A planned week by the ocean turns into almost a month by the sea. A close death in my family paralyses me to the point I feel my brain freeze, thankful to the odd path of events, being among kind strangers, who unknowingly kept my sanity at the time. Next few weeks went by in a haze, drowning the pain in the raging water, extreme heat, pleasant company, and Mexican Mary Jane. I survive, once more, being accustomed to licking my own wounds by now.
It’s raining every day in Ciudad de Mexico, and the sudden vastness of civilisation confuses me. In bed, I listen to noises coming through paper-thin walls of an apartment building in Roma district. Workers are moving furniture out of the apartment early in the morning, the lady’s cat is howling in the hall. I can’t stop thinking about what will happen to the cat, what if they leave the animal behind? On Sunday morning, there is a man with a loud cow-bell walking up and down the street. As I accept the fact that Mexicans just really like the noise (of any kind), I notice everyone bringing out the trash. When garbage men finally come with a truck, they sing and dance to the song on a radio, while searching the trash for anything remotely useful. I admire their skill to overcome harsh daily reality. An awareness that regardless of shit going on around you, you still have a choice: to sing or not to sing in the face of chaos and despair.
Alma understood very well how solitary growth can be. It seems the closer one gets to oneself, the further one distances from other people. Aspiration of pushing the boundaries of what “should be” and converting them into a field of possibilities was never and still isn’t, a path for the light-hearted. Regardless of their supposedly inferior gender, women managed to find ways to cultivate their courage, working harder, many times in complete silence. Those with voices were quickly repressed, or as in Alma’s case, forcefully diminished and almost forgotten.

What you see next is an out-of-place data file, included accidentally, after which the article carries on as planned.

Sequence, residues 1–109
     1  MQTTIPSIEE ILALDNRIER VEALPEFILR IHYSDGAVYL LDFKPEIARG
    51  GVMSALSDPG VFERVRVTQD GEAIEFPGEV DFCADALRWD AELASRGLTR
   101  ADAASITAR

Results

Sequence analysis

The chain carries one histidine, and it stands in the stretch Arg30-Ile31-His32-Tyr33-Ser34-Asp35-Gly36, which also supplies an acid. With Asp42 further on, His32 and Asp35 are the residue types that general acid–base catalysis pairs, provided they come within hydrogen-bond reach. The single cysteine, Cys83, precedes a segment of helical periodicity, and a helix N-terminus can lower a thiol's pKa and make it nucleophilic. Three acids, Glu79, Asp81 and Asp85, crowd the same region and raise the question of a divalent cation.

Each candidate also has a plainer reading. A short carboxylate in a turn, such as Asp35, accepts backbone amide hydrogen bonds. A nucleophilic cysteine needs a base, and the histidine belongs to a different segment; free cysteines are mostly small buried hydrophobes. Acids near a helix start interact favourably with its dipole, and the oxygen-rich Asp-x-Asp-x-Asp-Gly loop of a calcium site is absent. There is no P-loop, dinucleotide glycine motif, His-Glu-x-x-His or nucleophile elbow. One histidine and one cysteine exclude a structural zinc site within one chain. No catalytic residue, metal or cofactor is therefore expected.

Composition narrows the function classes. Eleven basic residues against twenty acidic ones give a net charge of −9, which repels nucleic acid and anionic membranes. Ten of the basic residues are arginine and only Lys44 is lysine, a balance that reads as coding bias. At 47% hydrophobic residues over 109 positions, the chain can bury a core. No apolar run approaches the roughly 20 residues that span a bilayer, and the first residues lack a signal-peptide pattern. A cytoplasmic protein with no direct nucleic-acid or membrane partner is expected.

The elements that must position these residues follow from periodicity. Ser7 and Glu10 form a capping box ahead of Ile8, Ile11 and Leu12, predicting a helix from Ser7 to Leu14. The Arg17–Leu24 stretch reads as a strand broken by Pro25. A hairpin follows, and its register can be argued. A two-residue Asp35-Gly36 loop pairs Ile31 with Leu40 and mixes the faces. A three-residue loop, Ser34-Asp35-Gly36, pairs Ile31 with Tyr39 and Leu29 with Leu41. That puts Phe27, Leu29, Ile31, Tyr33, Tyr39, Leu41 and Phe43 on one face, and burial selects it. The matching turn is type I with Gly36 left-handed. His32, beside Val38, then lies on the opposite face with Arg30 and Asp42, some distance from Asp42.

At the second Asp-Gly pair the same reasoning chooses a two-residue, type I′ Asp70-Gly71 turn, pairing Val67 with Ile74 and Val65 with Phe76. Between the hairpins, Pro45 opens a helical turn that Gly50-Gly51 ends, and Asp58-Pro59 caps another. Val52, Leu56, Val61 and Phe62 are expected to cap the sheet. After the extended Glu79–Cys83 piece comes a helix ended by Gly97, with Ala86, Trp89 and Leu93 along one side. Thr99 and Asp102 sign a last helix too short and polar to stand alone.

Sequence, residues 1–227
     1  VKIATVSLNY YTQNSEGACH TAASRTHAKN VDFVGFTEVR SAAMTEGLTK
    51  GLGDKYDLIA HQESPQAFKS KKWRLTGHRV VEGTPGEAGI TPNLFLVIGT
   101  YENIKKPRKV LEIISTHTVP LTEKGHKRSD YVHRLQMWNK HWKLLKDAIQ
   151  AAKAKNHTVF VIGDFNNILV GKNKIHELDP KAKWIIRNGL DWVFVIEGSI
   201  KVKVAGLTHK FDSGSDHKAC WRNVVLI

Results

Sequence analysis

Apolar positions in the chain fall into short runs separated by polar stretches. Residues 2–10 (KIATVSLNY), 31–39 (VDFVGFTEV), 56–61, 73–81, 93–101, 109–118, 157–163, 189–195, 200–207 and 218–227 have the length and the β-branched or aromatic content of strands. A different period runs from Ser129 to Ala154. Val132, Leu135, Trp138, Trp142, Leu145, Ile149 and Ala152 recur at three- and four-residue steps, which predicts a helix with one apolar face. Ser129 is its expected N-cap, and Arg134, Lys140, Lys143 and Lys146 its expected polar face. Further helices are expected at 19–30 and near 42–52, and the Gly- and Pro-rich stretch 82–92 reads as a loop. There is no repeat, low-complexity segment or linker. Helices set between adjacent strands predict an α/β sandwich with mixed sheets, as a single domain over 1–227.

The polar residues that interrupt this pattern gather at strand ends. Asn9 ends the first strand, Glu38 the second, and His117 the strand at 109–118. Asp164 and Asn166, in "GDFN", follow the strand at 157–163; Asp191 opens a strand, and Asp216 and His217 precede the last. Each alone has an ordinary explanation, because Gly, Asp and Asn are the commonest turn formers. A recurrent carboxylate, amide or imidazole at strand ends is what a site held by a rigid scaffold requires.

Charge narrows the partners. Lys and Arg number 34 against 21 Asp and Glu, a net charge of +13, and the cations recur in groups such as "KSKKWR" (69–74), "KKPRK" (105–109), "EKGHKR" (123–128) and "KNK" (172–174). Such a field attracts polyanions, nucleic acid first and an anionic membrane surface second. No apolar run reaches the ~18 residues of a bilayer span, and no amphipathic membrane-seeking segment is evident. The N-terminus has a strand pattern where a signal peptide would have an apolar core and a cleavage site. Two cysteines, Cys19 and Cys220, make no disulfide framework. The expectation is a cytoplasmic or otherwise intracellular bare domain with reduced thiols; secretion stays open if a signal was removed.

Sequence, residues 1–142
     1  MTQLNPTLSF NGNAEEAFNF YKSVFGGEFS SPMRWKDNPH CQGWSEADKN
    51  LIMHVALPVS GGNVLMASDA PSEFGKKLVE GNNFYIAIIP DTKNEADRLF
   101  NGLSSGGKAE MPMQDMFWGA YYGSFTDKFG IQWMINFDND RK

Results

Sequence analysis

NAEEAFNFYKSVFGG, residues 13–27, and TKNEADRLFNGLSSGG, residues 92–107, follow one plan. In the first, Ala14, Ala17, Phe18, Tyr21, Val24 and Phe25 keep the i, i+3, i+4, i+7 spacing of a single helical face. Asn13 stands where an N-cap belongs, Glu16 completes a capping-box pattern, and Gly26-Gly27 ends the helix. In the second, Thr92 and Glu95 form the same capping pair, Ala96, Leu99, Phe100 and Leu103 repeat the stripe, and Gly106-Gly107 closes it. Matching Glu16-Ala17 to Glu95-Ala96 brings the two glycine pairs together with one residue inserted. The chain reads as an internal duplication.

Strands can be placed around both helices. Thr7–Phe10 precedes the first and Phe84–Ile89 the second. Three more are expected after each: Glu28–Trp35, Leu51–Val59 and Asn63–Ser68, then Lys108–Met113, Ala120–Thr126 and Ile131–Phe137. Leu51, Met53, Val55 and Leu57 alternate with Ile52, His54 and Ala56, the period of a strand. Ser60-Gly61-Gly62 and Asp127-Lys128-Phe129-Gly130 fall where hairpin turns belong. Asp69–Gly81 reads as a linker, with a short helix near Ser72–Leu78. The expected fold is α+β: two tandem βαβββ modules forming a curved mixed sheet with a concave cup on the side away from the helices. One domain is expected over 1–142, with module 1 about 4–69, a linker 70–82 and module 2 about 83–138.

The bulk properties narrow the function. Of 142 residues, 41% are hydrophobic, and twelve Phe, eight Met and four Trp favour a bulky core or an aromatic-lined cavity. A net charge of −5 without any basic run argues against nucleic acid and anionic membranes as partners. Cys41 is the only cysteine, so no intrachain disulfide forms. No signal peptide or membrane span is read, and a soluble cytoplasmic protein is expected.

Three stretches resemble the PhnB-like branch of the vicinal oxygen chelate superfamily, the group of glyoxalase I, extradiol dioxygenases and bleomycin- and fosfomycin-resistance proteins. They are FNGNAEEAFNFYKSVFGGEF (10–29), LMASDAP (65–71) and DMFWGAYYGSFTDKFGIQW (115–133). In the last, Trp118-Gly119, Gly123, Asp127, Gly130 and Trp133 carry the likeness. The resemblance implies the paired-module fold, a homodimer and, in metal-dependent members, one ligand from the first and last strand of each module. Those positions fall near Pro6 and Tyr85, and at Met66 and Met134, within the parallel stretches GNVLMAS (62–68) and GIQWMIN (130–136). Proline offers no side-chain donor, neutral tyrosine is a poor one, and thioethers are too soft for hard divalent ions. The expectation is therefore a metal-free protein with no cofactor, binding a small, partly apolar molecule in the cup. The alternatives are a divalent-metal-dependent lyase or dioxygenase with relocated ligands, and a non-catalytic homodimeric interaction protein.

But The Angel of Independence, an enormous statue in CDM, that sees me off before I leave the continent, cannot be erased anymore. Rising among sleek skyscrapers, built on one of the most earthquake-prone grounds on the Earth, it leads forward, towards new roadblocks and barriers which await to be challenged. For Alma, for us, for all the women that will follow in a hundred years. Maybe the Odyssey of a lonely woman is not as solitary as it seemed at the beginning, after all.